Energy-Harvesting "Piezo-tree" to Produce Renewable Energy

A team of scientists at the Cornell University have developed an energy harvesting “piezo-tree” that uses the flittering of leaves connected to a piezoelectric stem to generate electric energy.

Called the “Piezo-tree”, the system is able to convert the wind energy into electricity whilst remaining light, easily scaled and low-cost. Researchers said that in the prototype, the flexible plate and film are driven to oscillate just as a leaf or flag might flap in the wind. The flapping motion of the leaves is attributed to instability of the aero-elastic system.

The “Piezo-tree” has been made using flexible piezoelectric material Polyvinylidene Fluoride (PVDF), and could withstand unpredictable wind speeds. The basic design is to fix one edge of Polyvinylidene Fluoride element to a cylinder bluff body and leave the other edge free. A vortex shedding will be created when the wind crosses this bluff body and the periodic pressure difference will drive the piezo-leaf to bend in the downstream of the air wake. After rectifying the electricity with a full-wave bridge it is stored in a capacitor and the AC signal is collected from the flapping piezo-leaf, which is working on a periodic bending model.

Due to the weak piezoelectric strain coefficient of Polyvinylidene Fluoride the power level of the preliminary Piezo-Leaf Generator just about 100 pW, being unable to light even a normal LED. Then, scientists tried to put a piece of plastic film to the end of the leaf along the direction of air flow. This change showed about 100 times increase of power in the same condition. However, a series of experiments were conducted using attachments of various flexibility, area, shape and density of polymer and plastic film producing different results in the level of power.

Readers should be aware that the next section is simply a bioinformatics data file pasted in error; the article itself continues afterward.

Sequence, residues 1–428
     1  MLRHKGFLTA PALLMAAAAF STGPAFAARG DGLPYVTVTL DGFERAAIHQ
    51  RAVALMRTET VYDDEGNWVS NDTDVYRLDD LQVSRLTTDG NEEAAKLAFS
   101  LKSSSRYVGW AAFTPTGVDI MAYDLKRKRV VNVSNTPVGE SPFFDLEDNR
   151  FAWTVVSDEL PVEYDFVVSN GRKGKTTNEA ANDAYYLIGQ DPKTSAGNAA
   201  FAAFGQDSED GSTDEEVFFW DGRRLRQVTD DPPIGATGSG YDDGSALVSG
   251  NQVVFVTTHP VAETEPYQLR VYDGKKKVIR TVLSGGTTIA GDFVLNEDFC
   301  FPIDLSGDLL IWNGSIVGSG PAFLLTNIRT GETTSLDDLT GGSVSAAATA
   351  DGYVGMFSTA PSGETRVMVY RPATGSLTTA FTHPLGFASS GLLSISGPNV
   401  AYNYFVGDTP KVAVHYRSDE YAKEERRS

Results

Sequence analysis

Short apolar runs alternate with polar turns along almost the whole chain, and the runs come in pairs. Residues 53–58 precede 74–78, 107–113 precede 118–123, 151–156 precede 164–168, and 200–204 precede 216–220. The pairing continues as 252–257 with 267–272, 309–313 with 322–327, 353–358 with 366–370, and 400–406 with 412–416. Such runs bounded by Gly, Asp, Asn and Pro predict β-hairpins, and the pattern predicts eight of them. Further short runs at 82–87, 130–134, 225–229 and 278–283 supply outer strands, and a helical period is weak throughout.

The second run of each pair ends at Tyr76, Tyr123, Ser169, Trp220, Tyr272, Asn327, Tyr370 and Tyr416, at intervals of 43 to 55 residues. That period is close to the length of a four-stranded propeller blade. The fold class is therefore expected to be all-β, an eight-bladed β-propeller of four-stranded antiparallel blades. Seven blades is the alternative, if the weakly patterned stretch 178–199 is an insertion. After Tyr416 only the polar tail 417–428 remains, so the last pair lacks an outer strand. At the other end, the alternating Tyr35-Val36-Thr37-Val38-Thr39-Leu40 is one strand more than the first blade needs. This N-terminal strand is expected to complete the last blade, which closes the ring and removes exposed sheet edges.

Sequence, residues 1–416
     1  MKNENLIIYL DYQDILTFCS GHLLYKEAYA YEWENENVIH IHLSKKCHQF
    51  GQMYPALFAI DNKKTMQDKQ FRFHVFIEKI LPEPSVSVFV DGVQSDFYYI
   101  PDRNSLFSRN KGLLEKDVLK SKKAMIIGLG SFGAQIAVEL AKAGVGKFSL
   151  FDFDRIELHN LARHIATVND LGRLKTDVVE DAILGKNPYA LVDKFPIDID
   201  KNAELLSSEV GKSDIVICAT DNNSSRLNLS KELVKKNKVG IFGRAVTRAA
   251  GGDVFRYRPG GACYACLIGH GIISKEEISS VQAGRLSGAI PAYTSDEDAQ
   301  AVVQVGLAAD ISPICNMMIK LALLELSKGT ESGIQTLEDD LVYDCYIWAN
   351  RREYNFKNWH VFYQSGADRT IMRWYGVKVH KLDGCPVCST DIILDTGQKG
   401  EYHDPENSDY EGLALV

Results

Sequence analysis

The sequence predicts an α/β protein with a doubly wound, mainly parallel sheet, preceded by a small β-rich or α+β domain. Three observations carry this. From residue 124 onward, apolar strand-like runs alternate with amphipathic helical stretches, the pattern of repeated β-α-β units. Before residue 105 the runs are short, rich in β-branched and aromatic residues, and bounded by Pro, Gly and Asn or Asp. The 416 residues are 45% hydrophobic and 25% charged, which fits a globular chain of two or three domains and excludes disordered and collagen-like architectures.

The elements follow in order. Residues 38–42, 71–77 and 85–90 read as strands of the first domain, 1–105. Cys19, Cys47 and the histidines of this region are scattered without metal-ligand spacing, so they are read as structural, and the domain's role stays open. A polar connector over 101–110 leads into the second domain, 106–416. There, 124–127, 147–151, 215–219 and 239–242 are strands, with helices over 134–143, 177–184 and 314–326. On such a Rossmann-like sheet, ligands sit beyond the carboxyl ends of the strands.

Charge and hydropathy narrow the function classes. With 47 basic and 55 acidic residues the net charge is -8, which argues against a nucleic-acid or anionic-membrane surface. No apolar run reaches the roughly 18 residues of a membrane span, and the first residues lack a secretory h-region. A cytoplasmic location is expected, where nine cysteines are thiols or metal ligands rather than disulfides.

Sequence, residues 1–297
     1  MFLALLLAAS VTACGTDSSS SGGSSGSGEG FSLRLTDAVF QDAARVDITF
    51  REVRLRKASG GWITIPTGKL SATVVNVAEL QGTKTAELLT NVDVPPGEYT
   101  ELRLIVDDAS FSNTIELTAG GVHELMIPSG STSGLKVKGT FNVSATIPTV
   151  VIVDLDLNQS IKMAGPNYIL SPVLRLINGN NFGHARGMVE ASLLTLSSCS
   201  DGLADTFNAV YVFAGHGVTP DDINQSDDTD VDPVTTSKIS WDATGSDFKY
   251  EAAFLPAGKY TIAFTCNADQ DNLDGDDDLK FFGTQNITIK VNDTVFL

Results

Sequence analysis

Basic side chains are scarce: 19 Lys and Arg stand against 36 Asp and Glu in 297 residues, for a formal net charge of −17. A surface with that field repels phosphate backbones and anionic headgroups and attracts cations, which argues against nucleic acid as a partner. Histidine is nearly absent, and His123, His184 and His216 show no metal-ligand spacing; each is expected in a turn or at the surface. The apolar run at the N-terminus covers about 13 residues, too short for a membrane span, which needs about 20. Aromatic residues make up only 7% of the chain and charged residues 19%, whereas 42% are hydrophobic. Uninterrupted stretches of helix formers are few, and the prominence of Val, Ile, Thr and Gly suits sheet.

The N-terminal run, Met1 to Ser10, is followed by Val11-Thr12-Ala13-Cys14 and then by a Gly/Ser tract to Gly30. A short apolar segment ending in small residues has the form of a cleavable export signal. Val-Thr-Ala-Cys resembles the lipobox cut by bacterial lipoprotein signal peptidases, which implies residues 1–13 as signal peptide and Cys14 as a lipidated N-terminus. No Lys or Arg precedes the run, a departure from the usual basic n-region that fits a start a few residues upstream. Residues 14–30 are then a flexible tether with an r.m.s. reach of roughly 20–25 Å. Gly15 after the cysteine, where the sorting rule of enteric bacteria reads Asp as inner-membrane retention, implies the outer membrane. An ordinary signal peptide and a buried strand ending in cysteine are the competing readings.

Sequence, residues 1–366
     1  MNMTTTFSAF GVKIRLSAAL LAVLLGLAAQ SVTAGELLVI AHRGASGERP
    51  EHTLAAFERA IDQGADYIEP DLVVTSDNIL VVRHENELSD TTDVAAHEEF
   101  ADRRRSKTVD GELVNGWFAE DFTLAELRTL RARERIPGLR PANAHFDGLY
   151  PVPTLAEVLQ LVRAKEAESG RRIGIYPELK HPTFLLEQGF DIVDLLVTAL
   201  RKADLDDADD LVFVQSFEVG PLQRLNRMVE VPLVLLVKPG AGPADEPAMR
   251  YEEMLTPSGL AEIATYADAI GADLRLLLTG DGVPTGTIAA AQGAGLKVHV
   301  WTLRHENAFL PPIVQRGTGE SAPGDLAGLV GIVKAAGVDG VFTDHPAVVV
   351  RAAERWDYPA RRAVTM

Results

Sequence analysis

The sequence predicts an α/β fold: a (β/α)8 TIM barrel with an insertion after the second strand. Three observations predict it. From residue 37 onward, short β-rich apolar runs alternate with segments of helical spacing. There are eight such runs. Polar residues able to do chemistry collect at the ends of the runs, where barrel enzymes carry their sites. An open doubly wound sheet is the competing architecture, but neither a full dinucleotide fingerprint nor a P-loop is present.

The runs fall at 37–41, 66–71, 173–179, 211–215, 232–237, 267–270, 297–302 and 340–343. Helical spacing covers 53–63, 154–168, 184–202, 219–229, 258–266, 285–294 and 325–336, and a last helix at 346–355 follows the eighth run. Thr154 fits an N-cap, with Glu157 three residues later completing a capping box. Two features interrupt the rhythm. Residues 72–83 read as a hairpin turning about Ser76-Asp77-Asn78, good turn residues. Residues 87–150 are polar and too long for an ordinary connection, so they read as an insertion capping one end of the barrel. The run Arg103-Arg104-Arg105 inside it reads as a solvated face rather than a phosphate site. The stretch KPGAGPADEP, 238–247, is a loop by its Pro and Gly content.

A recent study made by the researchers shows that a particular vertical stalk, horizontal leaf arrangement could increase power output by an order of magnitudes, being a great improvement over current leaf-stalk arrangements. In the future, researchers plan to build plant-like devices with hundreds or thousands of piezo-leaves for practical application. Being a robust and simple scaled device, the “piezo-tree” could be used in a variety of environments, serving as an unique and affective power generator.

[Source: Energy Harvesting Journal]


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  • jagdish

    what would be the efficiency of it. can it could withstand in rainy season. how can we improve this model?

  • earls

    This is exactly what I had in mind, but the “leaves” would be solar panels, and it would be great if the “tree” had some sort of storage built in.